temperature. Since the recommendations constantly given for age
hardening Argentium are using a very imprecise heat sources (oven,
toaster oven, etc) the potential for not getting optimum results are
even greater. So I can easily believe you would see little change
with a doubling of time in the precisely controlled temperature of a
laboratory kiln at your facility I am not so certain of those
results in a home oven.

Regards,

Jim

James Binnion
James Binnion Metal Arts


#12

Get a tumbler. But get a vibratory tumbler. Use steel shot and
burnishing liquid which dilutes and lasts forever. Your Argentium
chains will be beautiful in about 10 minutes. Great for classes. Safe
and instant gratification on items they can take home right away.

Pat Klein
Pat Klein Designs


#13

mr binnion

in article you refer too it states that “diffusion” (the process is
related to the hardening) is “exponentially related to temperature"
i don’t see where the relationship to “time” has such an
"exponential” effect. as far as data of over ageing, due to “time” in
any practical manner where will i find that?

zev


#14
Get a tumbler. But get a vibratory tumbler. Use steel shot and
burnishing liquid which dilutes and lasts forever. Your Argentium
chains will be beautiful in about 10 minutes. Great for classes.
Safe and instant gratification on items they can take home right
away. 

Pat - I have to disagree. If you are going to use steel, get a rotary
tumbler and stainless steel shot, mixed shapes. You are correct to
use diluted burnishing liquid. The smallest vibratory tumbler that is
rated for steel is the 6 liter, AV25SS, and it costs about $500. The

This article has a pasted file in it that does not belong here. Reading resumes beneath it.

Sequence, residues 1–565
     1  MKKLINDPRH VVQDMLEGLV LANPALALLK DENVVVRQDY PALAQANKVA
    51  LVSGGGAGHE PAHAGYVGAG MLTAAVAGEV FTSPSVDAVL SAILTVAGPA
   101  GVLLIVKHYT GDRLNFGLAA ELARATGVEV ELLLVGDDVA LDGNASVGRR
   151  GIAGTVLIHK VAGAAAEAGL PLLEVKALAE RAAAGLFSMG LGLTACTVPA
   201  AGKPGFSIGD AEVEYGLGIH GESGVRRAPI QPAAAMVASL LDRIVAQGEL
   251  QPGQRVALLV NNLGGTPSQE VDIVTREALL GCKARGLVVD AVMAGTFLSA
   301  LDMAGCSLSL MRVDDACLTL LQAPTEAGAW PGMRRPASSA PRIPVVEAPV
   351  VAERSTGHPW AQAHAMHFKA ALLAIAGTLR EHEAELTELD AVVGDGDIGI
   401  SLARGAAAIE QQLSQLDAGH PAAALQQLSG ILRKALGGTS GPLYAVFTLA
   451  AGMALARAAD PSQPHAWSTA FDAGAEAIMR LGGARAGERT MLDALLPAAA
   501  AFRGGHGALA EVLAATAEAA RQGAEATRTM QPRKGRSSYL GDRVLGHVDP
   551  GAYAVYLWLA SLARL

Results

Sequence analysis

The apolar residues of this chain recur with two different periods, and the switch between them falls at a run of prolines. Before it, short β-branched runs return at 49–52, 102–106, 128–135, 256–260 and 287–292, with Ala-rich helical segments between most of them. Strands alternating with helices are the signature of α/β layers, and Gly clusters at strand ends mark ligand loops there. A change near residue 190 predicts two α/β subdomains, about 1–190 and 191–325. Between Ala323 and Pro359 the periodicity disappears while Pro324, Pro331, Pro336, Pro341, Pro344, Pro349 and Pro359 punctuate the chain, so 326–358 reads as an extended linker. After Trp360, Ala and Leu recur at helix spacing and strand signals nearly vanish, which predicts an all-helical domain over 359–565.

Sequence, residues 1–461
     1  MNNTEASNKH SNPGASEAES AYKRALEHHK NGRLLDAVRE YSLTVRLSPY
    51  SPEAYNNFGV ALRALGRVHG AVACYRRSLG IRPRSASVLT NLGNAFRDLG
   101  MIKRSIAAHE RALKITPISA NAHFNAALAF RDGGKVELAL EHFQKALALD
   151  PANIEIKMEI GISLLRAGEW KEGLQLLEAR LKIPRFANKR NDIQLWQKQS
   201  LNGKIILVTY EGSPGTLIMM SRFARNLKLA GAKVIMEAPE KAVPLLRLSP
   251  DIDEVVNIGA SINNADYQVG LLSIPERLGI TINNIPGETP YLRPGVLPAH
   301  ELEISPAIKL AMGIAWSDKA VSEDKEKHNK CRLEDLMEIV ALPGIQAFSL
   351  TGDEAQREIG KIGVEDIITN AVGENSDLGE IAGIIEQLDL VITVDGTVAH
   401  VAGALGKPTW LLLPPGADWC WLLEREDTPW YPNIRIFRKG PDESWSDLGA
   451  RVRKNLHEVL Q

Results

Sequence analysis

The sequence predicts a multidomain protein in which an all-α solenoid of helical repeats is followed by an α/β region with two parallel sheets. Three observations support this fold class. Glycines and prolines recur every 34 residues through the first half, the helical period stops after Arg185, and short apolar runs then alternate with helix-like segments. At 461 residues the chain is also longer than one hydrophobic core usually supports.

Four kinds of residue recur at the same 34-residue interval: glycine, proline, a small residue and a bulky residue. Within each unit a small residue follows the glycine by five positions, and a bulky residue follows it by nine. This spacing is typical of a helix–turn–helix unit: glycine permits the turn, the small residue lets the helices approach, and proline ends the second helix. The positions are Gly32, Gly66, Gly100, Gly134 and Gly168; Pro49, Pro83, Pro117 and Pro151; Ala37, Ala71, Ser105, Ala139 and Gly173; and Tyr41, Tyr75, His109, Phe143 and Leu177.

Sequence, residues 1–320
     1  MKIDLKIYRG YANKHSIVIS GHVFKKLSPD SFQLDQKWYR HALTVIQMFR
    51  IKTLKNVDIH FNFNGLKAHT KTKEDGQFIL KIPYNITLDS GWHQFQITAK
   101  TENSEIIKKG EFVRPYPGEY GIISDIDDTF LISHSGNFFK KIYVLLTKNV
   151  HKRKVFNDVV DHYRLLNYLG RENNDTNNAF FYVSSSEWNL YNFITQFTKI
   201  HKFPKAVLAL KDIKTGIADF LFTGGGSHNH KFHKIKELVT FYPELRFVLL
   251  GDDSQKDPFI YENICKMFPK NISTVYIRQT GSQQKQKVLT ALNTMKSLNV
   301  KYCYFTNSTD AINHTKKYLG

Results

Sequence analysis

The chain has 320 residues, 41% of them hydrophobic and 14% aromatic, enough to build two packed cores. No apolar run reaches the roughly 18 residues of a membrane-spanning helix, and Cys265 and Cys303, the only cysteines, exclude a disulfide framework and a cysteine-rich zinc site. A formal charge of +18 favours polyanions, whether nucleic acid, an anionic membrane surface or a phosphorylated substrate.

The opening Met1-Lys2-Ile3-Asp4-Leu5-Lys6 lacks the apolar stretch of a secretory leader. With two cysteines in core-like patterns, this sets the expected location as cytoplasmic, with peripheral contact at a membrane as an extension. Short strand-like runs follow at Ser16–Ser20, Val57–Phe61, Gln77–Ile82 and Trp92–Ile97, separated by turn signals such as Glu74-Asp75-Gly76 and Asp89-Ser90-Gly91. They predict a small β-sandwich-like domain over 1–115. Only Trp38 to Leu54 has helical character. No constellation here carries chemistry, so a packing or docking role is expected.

real cost is steel for the machine - it uses 50 pounds of steel at 12
to 15 dollars per pound. A small rotary and 5 pounds of steel will do
the job in 30 minutes. Using an unrated machine for shot will result
in early machine failure. To run a vibratory machine with
insufficient shot results in no real finishing at all. I’ve actually
seen little roads on the surface from the shot jiggling in place,
rather than turning properly.

Incidently, steel shot runs for the same length of time in either a
rotary or vibratory machine. 10 minutes isn’t long enough in either
one.

Judy Hoch


#15
in article you refer too it states that "diffusion" (the process
is related to the hardening) is "exponentially related to
temperature" i don't see where the relationship to "time" has such
an "exponential" effect. as far as data of over ageing, due to
"time" in any practical manner where will i find that? 

I did not say time was a exponential variable however diffusion is a
time driven process. “Diffusion is a time-dependent process,
constituted by random motion of given entities and causing the
statistical distribution of these entities to spread in space.”

Diffusion is governed by time, temperature and several other
variables.

For a good reference to age hardening in precious metals get Mark
Grimwade’s “Introduction to Precious Metals”

For a good presentation on age hardening with a chart showing over
aging effects on hardness VS time (slide 15) see

this is a web presentation of a PowerPoint slide show, you can also
download the.ppt file if you desire.

for more on diffusion on the web see Fick’s law of Diffusion

Atomic Diffusion

Jim

James Binnion
James Binnion Metal Arts


#16
The smallest vibratory tumbler that is rated for steel is the 6
liter 

Yikes! I have a little bitty vibratory tumbler I bought used, and it
came with a little steel shot (though I acknowledge I have not found
it very effective used this way). The chamber is quite small, maybe
3" or 4" on a side, so there’s not a lot of room in there. What, if
anything, is this good for? Ceramic media?

I have your book, Judy, and read it twice, but it doesn’t seem to
stick in my head-- and it’s SO much easier to ask you than to look
for the answer in the book! I think I need a workshop on using
tumblers-- I am, as they say, a visual learner.

Noel